16th February 1944

My Dearest Olive,

Received a letter dated 4/2 from you a couple of days ago. I hope, by this time, you have completely recovered from your lumbago, as it must have been very painful and a confounded nuisance.  We had quite a pleasant time in the town in which we were staying – several parties took place and some of our officers did quite well for themselves with the local girls.  The CO pulled my leg about it the other night. He said, ‘I think you must be the most faithful married man of all, Lawrie, I did not see you engaged once.  However, wait until you have been out here a few months longer’. Nevertheless, I don’t think the extra months will tempt me. I have a charming wife and daughter and I am waiting to rejoin in England some happy day.

We gave the Sergeants a very good party in return for the one we received from them on Christmas Night.  Our own Sergeants in ‘B’ Coy received quite a good deal from our hands and towards the end, some of their remarks about the new boy Commander became rather personal and a certain amount of ‘hushing’ was necessary. Frank (Higgins), in particular, came out with one very amusing crack under the influence of Italian ‘vino’ and fortunately was not heard beyond our immediate circle.  Incidentally, he has done very well since his promotion and Plymen, his platoon commander, thinks very highly of him and always has a talk with him whenever they meet.

I ran into Jones the other day. I was out on a route march and suddenly heard a voice, ‘Mr Vaile, Mr Vaile’, and there was Jones seated in a truck. He is now a driver with the Royal Coy of Signals, and is quite a nice job which well satisfies him. I also had a long talk with Porter the other day, and he is still just the same and asked to be remembered to you.

Sgt Payne who was in all three of my Companies at Omagh has just arrived here. He told me that Tom is, of course, discharged from the Army but although he lost his right arm he made a magnificent recovery and very quickly learnt how to write with his left hand. He was just as cheerful as ever when he visited the ITC after being discharged from hospital  The place is more ‘Skin’ dominated than ever, apparently. When Payne and Moyle returned from a drill course in which they had done very well, Col Heard congratulated them and said he wished they were ‘Skins’ NCOs!  Moyle has gone to the 6th Bttn. They had a daughter. Payne said to me, ‘With all due respect, Sir, the Company was never the same after you left, the NCOs never took to the other Company Cmder in the same way and there was not the spirit. Shale and Byron are both Sergeants, but Slowley when warned for a draft ‘went sick’ and apparently, they vowed they would never get him onto a draft.  Comment is superfluous  John Corbertt is still the Adjutant.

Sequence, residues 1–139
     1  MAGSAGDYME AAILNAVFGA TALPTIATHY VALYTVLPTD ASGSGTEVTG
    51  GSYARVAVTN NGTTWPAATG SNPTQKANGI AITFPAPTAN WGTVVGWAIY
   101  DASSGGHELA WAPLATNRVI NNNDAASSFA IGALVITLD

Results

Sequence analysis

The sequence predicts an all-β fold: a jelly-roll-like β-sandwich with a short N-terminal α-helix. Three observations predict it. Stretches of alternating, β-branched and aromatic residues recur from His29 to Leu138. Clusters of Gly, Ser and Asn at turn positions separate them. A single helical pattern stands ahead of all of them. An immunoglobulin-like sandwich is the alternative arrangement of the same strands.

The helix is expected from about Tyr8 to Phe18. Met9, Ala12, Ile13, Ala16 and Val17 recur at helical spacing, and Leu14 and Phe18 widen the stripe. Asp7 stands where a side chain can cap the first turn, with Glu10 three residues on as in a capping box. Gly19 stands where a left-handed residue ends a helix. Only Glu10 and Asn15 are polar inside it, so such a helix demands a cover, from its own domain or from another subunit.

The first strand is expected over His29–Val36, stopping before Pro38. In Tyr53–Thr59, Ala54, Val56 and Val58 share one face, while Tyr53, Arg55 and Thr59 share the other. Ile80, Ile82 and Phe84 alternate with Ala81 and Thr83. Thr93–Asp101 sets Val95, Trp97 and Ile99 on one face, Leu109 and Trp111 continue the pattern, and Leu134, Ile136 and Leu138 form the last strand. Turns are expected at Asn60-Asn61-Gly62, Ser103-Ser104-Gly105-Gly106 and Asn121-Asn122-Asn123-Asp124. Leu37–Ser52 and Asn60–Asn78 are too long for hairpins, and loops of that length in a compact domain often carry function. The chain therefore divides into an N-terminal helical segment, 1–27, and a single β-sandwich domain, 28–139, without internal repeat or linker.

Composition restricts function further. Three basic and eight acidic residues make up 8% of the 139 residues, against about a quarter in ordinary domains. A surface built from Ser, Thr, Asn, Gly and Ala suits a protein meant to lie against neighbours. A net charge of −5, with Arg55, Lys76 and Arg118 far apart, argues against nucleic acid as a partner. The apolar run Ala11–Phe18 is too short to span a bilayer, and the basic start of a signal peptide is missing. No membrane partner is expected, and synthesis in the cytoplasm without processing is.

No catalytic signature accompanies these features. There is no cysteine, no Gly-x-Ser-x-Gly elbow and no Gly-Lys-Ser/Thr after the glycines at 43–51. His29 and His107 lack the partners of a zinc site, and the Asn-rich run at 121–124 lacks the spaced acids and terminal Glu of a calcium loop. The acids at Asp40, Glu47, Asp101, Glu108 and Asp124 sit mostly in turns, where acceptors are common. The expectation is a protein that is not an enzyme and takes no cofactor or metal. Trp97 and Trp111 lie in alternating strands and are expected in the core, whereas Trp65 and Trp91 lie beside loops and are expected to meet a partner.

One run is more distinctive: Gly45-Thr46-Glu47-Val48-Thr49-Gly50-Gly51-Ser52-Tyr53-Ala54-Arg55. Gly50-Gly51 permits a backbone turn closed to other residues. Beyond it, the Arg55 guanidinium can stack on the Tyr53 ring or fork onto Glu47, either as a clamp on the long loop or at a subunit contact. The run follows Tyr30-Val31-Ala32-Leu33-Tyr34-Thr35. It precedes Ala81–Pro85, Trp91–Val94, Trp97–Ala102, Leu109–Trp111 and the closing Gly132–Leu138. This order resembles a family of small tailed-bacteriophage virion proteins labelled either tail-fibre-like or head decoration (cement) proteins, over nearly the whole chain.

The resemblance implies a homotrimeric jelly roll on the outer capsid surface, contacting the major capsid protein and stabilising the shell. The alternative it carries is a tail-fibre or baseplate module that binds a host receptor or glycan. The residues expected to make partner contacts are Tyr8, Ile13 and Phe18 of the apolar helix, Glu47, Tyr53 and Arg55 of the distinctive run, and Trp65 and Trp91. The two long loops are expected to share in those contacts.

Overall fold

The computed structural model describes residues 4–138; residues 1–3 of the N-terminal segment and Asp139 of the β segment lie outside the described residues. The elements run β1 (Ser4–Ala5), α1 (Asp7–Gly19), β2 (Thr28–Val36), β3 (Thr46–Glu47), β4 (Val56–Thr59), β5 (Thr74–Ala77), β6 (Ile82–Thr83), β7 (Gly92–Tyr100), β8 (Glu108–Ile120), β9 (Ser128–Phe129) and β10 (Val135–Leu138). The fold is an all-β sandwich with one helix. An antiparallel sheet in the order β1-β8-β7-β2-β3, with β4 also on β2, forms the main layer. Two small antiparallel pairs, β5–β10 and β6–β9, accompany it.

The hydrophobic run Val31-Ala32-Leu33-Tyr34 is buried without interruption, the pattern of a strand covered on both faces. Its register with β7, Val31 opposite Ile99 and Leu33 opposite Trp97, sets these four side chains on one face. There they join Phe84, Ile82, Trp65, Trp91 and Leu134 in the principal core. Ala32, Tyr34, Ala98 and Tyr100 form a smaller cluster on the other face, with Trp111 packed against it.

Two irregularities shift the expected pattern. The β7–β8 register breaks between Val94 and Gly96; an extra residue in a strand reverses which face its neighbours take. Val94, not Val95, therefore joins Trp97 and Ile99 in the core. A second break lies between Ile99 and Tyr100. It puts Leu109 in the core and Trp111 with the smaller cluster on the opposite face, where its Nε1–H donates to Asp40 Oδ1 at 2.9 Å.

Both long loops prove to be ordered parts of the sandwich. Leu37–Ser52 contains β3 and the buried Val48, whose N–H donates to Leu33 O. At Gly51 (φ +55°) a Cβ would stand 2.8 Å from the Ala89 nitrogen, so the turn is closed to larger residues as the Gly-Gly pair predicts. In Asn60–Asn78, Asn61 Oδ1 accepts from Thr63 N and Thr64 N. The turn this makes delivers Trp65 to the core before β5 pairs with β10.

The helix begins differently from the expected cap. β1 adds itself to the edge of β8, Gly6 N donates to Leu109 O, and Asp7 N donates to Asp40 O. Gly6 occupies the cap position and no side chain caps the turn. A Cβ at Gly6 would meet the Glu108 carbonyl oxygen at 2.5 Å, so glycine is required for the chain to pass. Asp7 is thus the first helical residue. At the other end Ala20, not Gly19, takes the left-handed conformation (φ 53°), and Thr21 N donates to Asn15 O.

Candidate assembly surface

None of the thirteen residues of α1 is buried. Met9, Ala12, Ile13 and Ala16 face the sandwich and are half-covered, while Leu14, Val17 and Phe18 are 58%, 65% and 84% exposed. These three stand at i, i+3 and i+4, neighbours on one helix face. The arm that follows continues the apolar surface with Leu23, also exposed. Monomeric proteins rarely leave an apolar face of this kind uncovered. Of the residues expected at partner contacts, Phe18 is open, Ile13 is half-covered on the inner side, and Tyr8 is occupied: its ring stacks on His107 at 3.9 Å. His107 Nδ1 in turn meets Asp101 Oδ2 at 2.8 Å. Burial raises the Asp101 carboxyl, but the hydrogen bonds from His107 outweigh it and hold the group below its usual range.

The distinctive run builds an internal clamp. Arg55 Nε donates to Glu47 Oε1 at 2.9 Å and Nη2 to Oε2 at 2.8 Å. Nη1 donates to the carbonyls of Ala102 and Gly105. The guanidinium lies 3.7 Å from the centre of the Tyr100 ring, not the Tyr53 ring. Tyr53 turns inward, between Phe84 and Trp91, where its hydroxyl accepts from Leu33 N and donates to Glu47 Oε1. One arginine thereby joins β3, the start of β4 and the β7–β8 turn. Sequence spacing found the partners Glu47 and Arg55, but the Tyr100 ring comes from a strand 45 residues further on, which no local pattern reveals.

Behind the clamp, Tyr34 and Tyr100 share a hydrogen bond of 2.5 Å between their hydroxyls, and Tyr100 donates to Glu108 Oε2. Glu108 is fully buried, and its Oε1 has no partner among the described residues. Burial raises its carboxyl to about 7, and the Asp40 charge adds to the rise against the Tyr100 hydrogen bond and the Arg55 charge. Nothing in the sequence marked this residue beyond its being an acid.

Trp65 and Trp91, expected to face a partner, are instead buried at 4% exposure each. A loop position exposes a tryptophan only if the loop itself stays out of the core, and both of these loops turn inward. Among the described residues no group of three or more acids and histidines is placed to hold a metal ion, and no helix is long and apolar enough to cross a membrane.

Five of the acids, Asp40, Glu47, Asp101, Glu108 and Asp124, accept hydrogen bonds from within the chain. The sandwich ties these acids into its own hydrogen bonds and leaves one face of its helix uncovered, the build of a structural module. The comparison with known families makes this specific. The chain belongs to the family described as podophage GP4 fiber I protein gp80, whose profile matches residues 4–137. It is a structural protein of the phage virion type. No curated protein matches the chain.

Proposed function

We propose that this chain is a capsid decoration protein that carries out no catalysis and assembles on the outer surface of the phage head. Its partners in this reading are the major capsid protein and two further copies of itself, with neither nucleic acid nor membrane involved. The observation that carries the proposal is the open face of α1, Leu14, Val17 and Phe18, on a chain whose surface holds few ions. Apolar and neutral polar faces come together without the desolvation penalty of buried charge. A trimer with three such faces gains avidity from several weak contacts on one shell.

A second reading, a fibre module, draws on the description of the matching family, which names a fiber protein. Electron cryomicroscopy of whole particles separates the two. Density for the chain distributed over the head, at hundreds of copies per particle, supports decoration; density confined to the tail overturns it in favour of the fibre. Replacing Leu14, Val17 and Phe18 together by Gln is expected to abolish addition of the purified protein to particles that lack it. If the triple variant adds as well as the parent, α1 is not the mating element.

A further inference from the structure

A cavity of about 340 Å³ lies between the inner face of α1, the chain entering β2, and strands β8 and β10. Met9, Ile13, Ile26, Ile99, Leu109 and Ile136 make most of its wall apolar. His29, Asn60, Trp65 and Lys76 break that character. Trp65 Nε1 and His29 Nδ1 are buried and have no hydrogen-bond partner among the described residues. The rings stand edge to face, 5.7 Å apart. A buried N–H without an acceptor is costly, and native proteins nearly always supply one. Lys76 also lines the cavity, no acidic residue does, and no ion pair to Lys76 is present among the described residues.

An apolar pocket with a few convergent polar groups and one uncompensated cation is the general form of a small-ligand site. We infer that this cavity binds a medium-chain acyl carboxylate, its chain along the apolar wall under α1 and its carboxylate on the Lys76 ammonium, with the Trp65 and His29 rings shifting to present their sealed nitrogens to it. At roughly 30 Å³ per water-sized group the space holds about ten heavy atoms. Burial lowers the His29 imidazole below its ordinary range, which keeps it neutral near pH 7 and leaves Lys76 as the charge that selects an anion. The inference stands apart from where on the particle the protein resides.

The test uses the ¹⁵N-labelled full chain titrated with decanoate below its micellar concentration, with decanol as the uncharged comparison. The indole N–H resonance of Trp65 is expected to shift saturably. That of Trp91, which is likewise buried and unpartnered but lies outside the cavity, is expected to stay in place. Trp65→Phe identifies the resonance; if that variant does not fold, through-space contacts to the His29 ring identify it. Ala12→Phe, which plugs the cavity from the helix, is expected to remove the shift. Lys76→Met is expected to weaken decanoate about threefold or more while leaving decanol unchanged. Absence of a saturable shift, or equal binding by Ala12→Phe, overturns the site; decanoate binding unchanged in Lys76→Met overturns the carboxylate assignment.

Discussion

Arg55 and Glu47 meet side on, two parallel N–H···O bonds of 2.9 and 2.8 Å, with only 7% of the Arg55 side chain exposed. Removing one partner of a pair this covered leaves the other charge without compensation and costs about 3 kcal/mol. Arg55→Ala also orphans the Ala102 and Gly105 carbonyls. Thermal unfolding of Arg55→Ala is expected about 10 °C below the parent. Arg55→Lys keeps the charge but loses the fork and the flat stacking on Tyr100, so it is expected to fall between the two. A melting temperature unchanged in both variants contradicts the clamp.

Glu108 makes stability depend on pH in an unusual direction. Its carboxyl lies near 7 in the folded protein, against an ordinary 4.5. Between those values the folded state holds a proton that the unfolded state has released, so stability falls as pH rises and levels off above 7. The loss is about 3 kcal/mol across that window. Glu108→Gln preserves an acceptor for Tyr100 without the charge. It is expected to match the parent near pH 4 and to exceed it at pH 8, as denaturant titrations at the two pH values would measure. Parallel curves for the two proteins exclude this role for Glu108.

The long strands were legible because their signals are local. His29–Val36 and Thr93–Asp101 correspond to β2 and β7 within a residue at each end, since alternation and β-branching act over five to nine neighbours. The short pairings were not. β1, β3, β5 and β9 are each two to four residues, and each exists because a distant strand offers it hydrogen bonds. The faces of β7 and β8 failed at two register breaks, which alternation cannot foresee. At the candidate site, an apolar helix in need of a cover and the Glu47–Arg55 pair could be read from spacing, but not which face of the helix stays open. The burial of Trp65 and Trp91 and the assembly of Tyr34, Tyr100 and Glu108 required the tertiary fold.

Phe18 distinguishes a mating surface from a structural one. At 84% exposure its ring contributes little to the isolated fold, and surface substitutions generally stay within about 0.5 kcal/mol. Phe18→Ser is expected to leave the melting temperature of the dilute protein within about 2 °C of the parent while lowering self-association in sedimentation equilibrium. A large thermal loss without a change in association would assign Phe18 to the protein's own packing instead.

I am sending by surface mail a photo we had taken of the officers a few days ago. It is a shocking photo and makes us look like a bunch of crooks. The officers of the battalion are not quite as ugly as depicted, but you will just see how few of the ‘old hands’ are still here. Dawson has left the Bttn but he was staying in the same town and I thought it rather cheeky on his part to push himself into the photo, especially the front row. Incidentally, I am the only rifle Company officer still with the same Company as when we came into Italy!  In addition, Dicky Richards and I are the only two rifle Coy officers still with the battalion since we arrived in Italy, so you can get some idea of the changes that have taken place.

We had a certain amount to do with the Poles recently. Their anti-Russian bias is most marked. As many of them introduce it into the conversation at the earliest possible moment, one suspects that it is done deliberately, and a lot of them speak quite good English. From a social viewpoint, I prefer them to any of our other Allies I have met. Their manners are very good, and their conversation, apart from Russia, quite interesting and intelligent and they impress as being hard headed and good soldiers. They are certainly anxious to have a ‘go’ at the Germans. One of them told me that the finest fighting troops he has met in his experience, which included Poland 1939, France 1940 and the Middle East, since then were the Australian 9th Division and he did not know I was an Australian.

I am quite well, a little bored at being 2 i/c after being Coy Cmd.  The tactical side always interests me much more than administration.

Look after yourself precious, I am eagerly awaiting the day when I return to you and Valerie.

All my love and kisses to you both, darling



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